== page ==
Nobody who is suffering really wants to hear that what they are enduring is God’s will or that what doesn’t kill them makes them stronger. In the midst of tragedy we are mostly overwhelmed and struggling just to make it from one day to the next. Sometimes it feels as though our entire lifetimes are riddled with challenges that keep us perennially weary. Like Eddie, the protagonist of The Five People You Meet in Heaven we may even feel as though we are dying a slow death. We fail to see what is really happening in our lives. We are so fixated on hurt and betrayals and losses that we never realize the thousands of ordinary moments when people are loving and sacrificing for us. We are driven to react more by the ugliness that we see than the goodness that is far more overwhelming. We become locked in a struggle to unravel the old conundrum of deciding whether the glass is half full or half empty.

As an educator I often encountered problems that were so trying that I began to question my abilities. I would stew over my powerlessness to reach the hearts and minds of everyone of my students. I tended to focus on the most terrible incidents of my daily routines in the classroom rather than recalling that I had done well more times than I had failed. Like most humans I was unforgiving of myself in my quest for a perfection that is in fact nonexistent. We innately know that none of us will get through life without enduring or even creating total mess ups now and again, and yet we upbraid ourselves for our very humanity. It takes a great deal of living and self reflection to ultimately learn how to be kind not only to ourselves but to our fellow men and women as well. The wisest among us are those who take the hard knocks without beating themselves just for being normal.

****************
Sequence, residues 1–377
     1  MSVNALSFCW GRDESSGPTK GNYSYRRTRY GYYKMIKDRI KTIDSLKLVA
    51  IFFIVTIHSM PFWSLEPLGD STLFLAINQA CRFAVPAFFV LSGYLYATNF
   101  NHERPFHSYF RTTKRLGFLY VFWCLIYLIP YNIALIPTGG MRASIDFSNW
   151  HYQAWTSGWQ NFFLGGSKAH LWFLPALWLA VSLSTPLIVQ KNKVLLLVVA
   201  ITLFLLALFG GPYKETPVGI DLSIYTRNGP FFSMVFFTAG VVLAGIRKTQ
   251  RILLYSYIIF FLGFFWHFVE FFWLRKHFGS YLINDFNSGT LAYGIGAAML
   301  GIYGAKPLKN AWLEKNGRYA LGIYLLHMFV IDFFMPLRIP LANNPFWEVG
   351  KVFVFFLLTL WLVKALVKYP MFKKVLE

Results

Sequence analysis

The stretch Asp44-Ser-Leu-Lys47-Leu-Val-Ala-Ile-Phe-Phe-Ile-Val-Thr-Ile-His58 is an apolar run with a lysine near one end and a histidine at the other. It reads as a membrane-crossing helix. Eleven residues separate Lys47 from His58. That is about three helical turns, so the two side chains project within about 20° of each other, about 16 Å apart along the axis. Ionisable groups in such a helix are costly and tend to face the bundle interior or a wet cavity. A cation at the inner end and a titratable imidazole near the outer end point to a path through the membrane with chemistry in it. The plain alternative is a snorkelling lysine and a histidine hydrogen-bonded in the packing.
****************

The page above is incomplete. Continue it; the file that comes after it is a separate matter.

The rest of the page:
It has almost become a blood sport to criticize people and actions that we do not fully understand. We sometimes hide our own insecurities in a cloak of smugness, pretending to be more righteous than we really are. The best among us are less likely to do that, and we often secretly long to be more like them. We all know someone who seems to maintain an almost angelic optimism and an ability to keep a cool head when everyone else is melting down. If we take the time to learn more about such individuals we generally find that they have worked hard to be self aware and nonjudgemental. They actually choose to take life’s blows in stride. Theirs is a very conscious effort to stay calm and carry on even when the disappointments that they face threaten to push them into the abyss. They allow themselves to be fully human and to find the good that is always present even when it is unseen.  Nobody ever escapes the trials of life. There is no Garden of Eden anywhere, but there are ways to step back just enough to get a wider view of what is happening and to witness the big picture of the world around us. When we are able to do that we almost always see that we are surrounded by more love than hate, more goodness than evil, more hope than despair.